Sarah Mulley is Associate Director at IPPR

Latest

  • News Miliband unveils plans for “English Devolution Act”

    Miliband unveils plans for “English Devolution Act”

    After speaking at Scottish Labour’s Gala Dinner last night, Ed Miliband is in Manchester today to talk about English Devolution – and in particular, plans for an “English Devolution Act” and a “regional cabinet” made up of relevant Secretaries of State and leaders from major City and County Regions. The Labour leader will announce the following as manifesto commitments: An English Devolution Act, securing devolution to the English regions, transfer £30 billion-worth of funding over five years and building on Scottish and Welsh […]

    Read more →
  • News Scotland Bookies say Murphy is the odds-on favourite for Scottish Labour leader

    Bookies say Murphy is the odds-on favourite for Scottish Labour leader

    The contest for Scottish Labour Leader officially begins today, as candidate nominations open (they close on Thursday). We’re not expecting any further candidates to announce now, so the field is likely to be made up of Sarah Boyack, Neil Findlay and Jim Murphy. Ladbrokes have announced their odds for the contest and make Murphy an odds-on favourite, with Findlay in second place and Boyack as a long shot: Jim Murphy 1/2 Neil Findlay 2/1 Sarah Boyack 8/1 After the poor […]

    Read more →
  • Comment Afghanistan was a waste of life and money. Our politics won’t recover until we recognise that

    Afghanistan was a waste of life and money. Our politics won’t recover until we recognise that

    It’s happened many times before. The union flag is pulled down surrounded by anxious British soldiers. They hope the ‘natives’ they’ve handed power to will hold on to a British-friendly kind of order, but are desperate most of all to get home safely. The plaques recording the lives and deaths of fallen comrades are unscrewed and packed up, and a patch of desert goes back to dust. The British military say they have confidence in the Afghan army to hold […]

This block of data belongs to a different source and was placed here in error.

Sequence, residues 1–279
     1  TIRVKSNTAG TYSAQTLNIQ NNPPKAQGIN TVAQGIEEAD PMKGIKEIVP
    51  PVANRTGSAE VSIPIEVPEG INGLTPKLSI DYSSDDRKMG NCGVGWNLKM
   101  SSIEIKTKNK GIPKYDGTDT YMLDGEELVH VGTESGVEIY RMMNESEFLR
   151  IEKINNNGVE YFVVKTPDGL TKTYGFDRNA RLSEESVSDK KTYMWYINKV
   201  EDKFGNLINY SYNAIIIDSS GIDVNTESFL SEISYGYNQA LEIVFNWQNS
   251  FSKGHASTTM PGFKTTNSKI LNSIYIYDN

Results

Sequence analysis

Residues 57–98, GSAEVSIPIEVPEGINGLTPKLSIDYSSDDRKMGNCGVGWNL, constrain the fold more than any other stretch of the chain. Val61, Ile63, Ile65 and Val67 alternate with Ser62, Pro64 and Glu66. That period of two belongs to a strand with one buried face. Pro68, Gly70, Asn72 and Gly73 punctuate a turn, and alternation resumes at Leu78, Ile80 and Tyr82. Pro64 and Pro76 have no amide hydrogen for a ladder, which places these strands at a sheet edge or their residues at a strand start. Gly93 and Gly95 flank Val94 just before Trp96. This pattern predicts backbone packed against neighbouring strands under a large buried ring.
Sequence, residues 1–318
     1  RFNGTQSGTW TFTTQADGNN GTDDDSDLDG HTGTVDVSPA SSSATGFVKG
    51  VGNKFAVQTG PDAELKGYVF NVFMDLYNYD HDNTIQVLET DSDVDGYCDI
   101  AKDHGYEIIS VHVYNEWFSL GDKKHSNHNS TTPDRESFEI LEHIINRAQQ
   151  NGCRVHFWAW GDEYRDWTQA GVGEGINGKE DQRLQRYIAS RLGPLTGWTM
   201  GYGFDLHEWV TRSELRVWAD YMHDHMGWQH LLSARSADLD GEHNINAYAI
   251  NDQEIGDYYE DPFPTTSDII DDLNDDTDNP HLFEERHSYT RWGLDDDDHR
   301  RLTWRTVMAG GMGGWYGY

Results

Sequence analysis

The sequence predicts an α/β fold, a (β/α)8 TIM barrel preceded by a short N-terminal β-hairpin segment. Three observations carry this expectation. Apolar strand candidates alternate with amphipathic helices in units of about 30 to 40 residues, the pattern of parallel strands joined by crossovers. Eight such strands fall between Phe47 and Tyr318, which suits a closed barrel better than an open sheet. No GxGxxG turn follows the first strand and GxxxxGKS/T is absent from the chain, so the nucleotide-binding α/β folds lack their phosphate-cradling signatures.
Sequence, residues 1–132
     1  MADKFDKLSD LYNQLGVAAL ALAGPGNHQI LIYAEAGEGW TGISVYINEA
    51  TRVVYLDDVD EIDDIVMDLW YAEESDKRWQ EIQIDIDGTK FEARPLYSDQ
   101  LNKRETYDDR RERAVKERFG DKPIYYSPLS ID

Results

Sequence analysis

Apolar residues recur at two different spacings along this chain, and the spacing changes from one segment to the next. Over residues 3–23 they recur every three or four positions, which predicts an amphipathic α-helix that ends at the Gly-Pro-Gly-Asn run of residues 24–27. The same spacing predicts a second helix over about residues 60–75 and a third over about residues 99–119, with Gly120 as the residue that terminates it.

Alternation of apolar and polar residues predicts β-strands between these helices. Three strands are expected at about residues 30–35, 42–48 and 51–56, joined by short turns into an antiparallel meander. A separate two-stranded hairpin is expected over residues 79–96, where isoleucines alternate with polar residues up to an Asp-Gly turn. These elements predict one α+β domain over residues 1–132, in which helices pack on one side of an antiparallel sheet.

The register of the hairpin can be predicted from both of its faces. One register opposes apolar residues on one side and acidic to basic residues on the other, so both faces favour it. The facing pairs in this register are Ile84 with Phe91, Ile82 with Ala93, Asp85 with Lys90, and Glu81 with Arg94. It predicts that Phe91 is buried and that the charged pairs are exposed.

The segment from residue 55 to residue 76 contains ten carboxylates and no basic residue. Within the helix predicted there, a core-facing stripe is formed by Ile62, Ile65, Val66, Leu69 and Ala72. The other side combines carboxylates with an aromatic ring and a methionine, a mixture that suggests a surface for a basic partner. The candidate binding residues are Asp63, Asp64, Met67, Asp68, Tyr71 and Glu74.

Read more →
  • News Government must pay £1.7 Billion sum to EU, say LabourList readers

    Government must pay £1.7 Billion sum to EU, say LabourList readers

    Last Friday, news broke that the EU had recalculated the UK’s contributions to the supra-national organisation – and many people did not react well to discovering we owe another £1.7 billion. It was an “unnacceptable cash grab”, according to Mark Ferguson and new Shadow Europe Minister Pat McFadden voiced his displeasure at how the EU had gone about presenting the bill. Katharina Klebba, meanwhile, said that although this resembled a “bull-in-a-china shop mentality”, it was up to Labour to do […]

    Read more →
  • Comment Remploy – a year after the last closure

    Remploy – a year after the last closure

    A year ago today the last Remploy factory officially shut its doors. That was a sad day for me and thousands of other working people across the country. Since I left school at 16 I’d worked at Remploy Sheffield, starting out work as a welder and in recent years representing fellow workers as a GMB trade union convenor. For a lot of us at Remploy, the factories offered secure employment, the dignity of work and a workplace that understood our […]

    Read more →